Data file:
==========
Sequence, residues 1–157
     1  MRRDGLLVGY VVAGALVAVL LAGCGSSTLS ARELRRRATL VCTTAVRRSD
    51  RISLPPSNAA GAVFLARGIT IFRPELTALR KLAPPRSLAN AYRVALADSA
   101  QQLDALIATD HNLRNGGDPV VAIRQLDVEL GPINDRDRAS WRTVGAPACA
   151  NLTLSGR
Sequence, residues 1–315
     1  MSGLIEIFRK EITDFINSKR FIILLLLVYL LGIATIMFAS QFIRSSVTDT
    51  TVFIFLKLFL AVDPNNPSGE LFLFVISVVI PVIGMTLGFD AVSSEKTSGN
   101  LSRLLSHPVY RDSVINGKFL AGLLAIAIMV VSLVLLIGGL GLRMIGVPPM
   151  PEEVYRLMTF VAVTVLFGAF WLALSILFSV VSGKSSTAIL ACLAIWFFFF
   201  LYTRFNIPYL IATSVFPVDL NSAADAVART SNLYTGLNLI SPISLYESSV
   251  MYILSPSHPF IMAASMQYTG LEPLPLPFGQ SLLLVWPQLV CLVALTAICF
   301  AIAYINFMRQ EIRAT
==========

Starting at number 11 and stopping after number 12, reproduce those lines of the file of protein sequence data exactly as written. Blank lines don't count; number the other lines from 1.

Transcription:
   201  LYTRFNIPYL IATSVFPVDL NSAADAVART SNLYTGLNLI SPISLYESSV
   251  MYILSPSHPF IMAASMQYTG LEPLPLPFGQ SLLLVWPQLV CLVALTAICF